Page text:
Despite Stephanie Rudat denying working or coordinating with her father on city business, Mullor’s exhibits also reveal that she wrote her father’s rebuttal given to the council on December 14 in which Dave Rudat attacked Mullor and council member Tom Odell. The draft even included direction to pause in delivery at certain points.
Sammamish continues to cover up the details of the investigation. Despite multiple Public Records Requests for the 44- and 88-page detailed reports by The Seattle Times, Sammamish Comment, Sammamish Independent and citizens, the city stonewalled releasing these reports, which were completed in November. On March 9, the city finally responded that the reports would not be released, city attorney-client privilege. The reports were so designated internally on November 15. It took more than 16 weeks for the city to communicate this to those requesting the reports under the Public Records Act.
Even council members do not have copies of the reports. The 44-page document was FedExed to the council members’ homes in November in preparation for an executive session. The session would be virtual because of pandemic restrictions. However, before receipt, then-Mayor Karen Moran and then-Council Member Ken Gamblin objected to the distribution of the 44-page report (despite the extraordinary circumstance of the pandemic). Council members returned document unopened. The outside counsel read the document at an executive session.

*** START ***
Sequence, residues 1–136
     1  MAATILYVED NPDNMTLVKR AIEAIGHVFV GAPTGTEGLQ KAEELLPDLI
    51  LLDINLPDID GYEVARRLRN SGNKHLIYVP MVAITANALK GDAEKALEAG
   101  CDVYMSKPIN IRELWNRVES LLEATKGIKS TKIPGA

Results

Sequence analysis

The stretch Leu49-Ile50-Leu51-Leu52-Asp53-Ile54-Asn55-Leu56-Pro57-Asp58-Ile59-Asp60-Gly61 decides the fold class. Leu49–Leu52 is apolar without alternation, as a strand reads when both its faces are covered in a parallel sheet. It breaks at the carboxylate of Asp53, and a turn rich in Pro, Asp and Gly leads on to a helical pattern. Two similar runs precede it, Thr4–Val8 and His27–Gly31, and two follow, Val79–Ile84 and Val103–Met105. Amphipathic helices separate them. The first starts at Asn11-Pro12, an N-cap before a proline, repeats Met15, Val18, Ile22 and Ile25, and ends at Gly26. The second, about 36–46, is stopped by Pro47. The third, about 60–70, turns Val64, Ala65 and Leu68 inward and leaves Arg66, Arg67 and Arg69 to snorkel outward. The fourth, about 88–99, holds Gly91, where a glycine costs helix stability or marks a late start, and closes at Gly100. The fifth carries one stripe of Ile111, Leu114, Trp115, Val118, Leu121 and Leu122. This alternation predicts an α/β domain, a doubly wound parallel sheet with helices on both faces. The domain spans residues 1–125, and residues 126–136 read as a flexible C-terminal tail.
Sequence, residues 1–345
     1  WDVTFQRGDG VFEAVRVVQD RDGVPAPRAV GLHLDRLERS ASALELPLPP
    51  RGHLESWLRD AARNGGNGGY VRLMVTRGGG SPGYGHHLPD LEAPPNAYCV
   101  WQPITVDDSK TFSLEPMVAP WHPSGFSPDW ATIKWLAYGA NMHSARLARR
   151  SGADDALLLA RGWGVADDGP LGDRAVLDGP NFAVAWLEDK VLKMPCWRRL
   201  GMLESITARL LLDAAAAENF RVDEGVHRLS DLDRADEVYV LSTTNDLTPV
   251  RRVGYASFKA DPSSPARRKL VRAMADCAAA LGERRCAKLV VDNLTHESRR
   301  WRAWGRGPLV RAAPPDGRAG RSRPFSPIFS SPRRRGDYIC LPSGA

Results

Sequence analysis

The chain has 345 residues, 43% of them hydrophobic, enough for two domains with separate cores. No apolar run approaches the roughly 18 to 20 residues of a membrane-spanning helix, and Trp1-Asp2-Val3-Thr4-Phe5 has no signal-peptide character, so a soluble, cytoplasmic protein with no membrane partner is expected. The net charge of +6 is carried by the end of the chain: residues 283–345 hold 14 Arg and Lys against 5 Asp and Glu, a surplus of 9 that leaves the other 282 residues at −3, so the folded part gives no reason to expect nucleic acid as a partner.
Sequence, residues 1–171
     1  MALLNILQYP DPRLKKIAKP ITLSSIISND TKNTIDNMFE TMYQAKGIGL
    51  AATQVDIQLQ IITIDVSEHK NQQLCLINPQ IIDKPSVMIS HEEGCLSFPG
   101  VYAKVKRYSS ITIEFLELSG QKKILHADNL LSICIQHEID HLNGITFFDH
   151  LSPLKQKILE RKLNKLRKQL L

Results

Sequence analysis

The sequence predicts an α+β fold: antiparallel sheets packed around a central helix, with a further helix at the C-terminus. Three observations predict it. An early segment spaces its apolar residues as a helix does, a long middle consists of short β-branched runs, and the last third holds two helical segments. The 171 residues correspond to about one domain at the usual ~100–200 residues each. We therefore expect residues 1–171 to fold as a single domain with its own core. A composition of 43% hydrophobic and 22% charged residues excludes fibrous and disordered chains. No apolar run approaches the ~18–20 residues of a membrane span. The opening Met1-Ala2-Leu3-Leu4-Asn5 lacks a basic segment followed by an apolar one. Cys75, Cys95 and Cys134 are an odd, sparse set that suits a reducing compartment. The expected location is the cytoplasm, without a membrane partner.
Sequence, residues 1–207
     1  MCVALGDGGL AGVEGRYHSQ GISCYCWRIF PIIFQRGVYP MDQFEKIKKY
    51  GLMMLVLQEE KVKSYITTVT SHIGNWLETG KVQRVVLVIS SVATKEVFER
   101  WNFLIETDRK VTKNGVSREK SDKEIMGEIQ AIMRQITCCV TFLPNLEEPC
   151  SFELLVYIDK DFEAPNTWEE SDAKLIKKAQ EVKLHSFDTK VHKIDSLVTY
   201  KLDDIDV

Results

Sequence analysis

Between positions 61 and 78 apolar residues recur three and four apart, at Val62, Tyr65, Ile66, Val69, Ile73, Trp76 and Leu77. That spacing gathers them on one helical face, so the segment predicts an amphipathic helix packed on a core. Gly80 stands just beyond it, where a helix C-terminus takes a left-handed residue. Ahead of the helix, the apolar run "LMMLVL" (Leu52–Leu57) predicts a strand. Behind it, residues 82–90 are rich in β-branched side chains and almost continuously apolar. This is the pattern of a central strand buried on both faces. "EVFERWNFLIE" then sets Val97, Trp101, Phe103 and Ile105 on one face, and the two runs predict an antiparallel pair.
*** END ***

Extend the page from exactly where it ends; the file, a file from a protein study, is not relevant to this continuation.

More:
The new council members, Amy Lam, Kali Clark and Karen Howe, also were later briefed after taking office following the November election. At the end of the March 15 council meeting, Howe moved to direct the city manager (Dave Rudat) to produce an unredacted version of “the report,” each numbered, to all council members so they could read and study it. Howe did not specify whether she meant the 44- or 88-page report or both.
Before discussion could get underway in earnest, Malchow, the current mayor, noted the meeting was past the 11:30 end time and a motion had to be made to extend the meeting. Howe moved to do so by 10 minutes. However, this procedural motion—rarely denied—lost on a 3-3 vote, with Malchow joining Moran and council member Ken Treen.
Then, in a bizarre twist that flummoxed the city attorney, a motion to adjourn failed on the same 3-3 vote. Malchow, Moran and Treen favored adjourning. Howe, Lam and Clark opposed it.
“This is a first,” attorney Kari Sand noted when asked what to do next. Stalemated, Clark made a motion to adjourn, and this time it passed. Howe’s motion for the unredacted report remained on the table.
Howe declined to reply to questions by The Comment about which report, or both, she sought and when she might bring the motion back to the table. The next city council meeting is March 29.